Trust economic textbooks? Not on your life!

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Recent­ly Krug­man has been defend­ing text­book eco­nom­ics, argu­ing that if pol­i­cy mak­ers had sim­ply fol­lowed their advice, the cri­sis would have been far less severe.

It is deeply unfair to blame text­book eco­nom­ics either for the cri­sis or for the poor response to the cri­sis.  (Krug­man, The Trou­ble with Eco­nom­ics is Econ­o­mists)

I don’t dis­pute that aus­ter­i­ty has made the cri­sis far worse, and that con­ven­tion­al IS-LM analy­sis argues for gov­ern­ment stim­u­lus, not aus­ter­i­ty, in a severe reces­sion. But the extrap­o­la­tion that there­fore main­stream eco­nom­ics text­books are fonts of wis­dom is non­sense. They are instead enor­mous exer­cis­es in often unin­ten­tion­al mendacity–omitting huge swathes of eco­nom­ic research or empir­i­cal data when that research or data con­tra­dict main­stream beliefs.

Lars Syll has writ­ten a very good, brief post on this point:

Eco­nom­ics text­books – how to get away with sci­en­tif­ic fraud

It details prob­a­bly the most egre­gious way in which stan­dard textbooks–Krugman’s included–commit effec­tive fraud by omit­ting impor­tant results from eco­nom­ic research–often because the text­book writ­ers them­selves don’t even know of this cru­cial research because they weren’t taught it by their teach­ers. This is the “Son­nen­schein-Man­tel-Debreu The­o­rem”, which estab­lish­es that the “Law of Demand” does not apply even at the lev­el of a sin­gle mar­ket. And yet Neo­clas­si­cal macro­econ­o­mists believe it is valid to start with a mod­el in which the entire econ­o­my is a sin­gle “rep­re­sen­ta­tive agent”.

The whole is more than a sum of parts. This fact shows up already when ortho­dox – neo­clas­si­cal – eco­nom­ics tries to argue for the exis­tence of The Law of Demand – when the price of a com­mod­i­ty falls, the demand for it will increase – on the aggre­gate. Although it may be said that one suc­ceeds in estab­lish­ing The Law for sin­gle indi­vid­u­als it soon turned out – in the Son­nen­schein-Man­tel-Debreu the­o­remfirm­ly estab­lished already in 1976 – that it wasn’t pos­si­ble to extend The Law of Demand to apply on the mar­ket lev­el, unless one made ridicu­lous­ly unre­al­is­tic assump­tions such as indi­vid­u­als all hav­ing homo­thetic pref­er­ences – which actu­al­ly implies that all indi­vid­u­als haveiden­ti­cal pref­er­ences.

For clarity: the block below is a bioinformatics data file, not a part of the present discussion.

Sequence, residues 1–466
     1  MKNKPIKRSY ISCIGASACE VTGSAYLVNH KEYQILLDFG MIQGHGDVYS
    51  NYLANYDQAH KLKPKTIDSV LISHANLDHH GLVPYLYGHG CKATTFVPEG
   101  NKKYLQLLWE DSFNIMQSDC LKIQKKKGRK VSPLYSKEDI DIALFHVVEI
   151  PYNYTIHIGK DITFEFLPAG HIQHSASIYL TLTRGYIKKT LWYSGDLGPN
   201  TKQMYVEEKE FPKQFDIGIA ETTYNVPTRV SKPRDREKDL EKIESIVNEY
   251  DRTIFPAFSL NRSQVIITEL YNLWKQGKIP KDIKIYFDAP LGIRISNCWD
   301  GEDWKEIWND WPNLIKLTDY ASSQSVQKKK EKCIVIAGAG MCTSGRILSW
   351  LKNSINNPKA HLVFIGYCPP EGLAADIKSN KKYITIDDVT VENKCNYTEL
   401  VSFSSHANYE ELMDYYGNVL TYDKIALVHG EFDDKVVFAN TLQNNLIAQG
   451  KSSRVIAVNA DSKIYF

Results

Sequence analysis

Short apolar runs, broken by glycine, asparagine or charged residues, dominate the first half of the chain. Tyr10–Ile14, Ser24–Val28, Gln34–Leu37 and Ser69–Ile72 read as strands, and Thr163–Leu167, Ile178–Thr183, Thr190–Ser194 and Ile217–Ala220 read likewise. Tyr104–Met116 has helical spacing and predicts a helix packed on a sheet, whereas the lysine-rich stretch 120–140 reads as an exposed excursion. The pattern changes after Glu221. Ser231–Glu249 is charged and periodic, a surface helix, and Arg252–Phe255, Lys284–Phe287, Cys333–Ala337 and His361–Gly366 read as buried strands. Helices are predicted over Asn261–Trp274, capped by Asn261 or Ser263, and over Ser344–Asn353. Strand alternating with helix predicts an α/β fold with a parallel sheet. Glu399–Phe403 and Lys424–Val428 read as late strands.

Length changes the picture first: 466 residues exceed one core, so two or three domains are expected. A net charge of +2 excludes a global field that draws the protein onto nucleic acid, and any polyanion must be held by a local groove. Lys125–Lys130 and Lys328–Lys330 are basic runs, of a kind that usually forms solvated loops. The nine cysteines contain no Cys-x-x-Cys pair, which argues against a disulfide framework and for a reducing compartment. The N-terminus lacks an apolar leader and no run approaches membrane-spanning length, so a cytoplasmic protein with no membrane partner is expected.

This could only be con­ceiv­able if there was in essence only one actor – the (in)famousrep­re­sen­ta­tive actor. So, yes, it was pos­si­ble to gen­er­al­ize The Law of Demand – as long as we assumed that on the aggre­gate lev­el there was only one com­mod­i­ty and one actor. What gen­er­al­iza­tion! Does this sound rea­son­able? Of course not. This is pure non­sense!

How has neo­clas­si­cal eco­nom­ics react­ed to this dev­as­tat­ing find­ig? Basi­cal­ly by look­ing the oth­er way, ignor­ing it and hop­ing that no one sees that the emper­or is naked.

Hav­ing gone through a hand­ful of the most fre­quent­ly used text­books of eco­nom­ics at the under­grad­u­ate lev­el today, I can only con­clude that the mod­els that are pre­sent­ed in these mod­ern neo­clas­si­cal text­books try to describe and ana­lyze com­plex and het­ero­ge­neous real economies with a sin­gle ratio­nal-expec­ta­tions-robot-imi­ta­tion-rep­re­sen­ta­tive-agent.

I rec­om­mend read­ing all of Lars’ post. And if you want the Full Mon­ty, you could try my Debunk­ing Eco­nom­ics.

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About Steve Keen

I am Professor of Economics and Head of Economics, History and Politics at Kingston University London, and a long time critic of conventional economic thought. As well as attacking mainstream thought in Debunking Economics, I am also developing an alternative dynamic approach to economic modelling. The key issue I am tackling here is the prospect for a debt-deflation on the back of the enormous private debts accumulated globally, and our very low rate of inflation.